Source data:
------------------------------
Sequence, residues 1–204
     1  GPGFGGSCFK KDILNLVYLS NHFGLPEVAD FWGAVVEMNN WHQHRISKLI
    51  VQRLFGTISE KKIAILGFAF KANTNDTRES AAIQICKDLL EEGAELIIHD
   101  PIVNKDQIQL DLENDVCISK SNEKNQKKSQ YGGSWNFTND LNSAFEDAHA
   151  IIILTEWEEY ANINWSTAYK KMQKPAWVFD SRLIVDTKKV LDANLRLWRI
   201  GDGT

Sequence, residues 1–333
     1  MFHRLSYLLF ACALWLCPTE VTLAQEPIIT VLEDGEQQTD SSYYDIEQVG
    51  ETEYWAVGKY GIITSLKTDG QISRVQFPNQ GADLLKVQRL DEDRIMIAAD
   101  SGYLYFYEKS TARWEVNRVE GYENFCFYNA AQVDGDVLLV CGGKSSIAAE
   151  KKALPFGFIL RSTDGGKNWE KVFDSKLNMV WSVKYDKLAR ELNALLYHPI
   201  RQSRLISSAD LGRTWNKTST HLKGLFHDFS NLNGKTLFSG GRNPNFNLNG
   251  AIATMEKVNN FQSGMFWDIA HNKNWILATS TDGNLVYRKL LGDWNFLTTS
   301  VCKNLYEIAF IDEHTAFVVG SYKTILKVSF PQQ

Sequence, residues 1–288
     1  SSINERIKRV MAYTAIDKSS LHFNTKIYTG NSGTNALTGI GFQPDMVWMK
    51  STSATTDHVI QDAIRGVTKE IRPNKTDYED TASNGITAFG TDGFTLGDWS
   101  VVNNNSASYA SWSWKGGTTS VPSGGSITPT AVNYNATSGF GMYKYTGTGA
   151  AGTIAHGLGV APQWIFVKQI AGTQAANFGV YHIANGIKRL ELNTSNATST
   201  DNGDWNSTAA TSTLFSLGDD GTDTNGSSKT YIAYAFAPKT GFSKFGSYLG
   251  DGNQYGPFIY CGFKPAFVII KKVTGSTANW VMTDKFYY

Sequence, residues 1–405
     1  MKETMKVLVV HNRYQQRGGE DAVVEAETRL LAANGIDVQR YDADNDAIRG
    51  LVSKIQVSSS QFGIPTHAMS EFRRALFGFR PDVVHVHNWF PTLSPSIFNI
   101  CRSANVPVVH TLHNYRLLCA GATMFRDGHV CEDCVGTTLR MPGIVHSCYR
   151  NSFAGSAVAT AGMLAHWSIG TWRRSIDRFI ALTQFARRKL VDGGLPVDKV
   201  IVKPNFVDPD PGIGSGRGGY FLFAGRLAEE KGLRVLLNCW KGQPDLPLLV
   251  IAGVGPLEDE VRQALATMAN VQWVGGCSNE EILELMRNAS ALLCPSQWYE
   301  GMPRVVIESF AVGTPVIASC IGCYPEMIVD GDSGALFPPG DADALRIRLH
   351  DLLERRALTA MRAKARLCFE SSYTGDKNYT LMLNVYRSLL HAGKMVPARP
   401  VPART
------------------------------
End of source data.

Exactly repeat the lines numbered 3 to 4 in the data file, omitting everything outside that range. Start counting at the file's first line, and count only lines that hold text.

    51  VQRLFGTISE KKIAILGFAF KANTNDTRES AAIQICKDLL EEGAELIIHD
   101  PIVNKDQIQL DLENDVCISK SNEKNQKKSQ YGGSWNFTND LNSAFEDAHA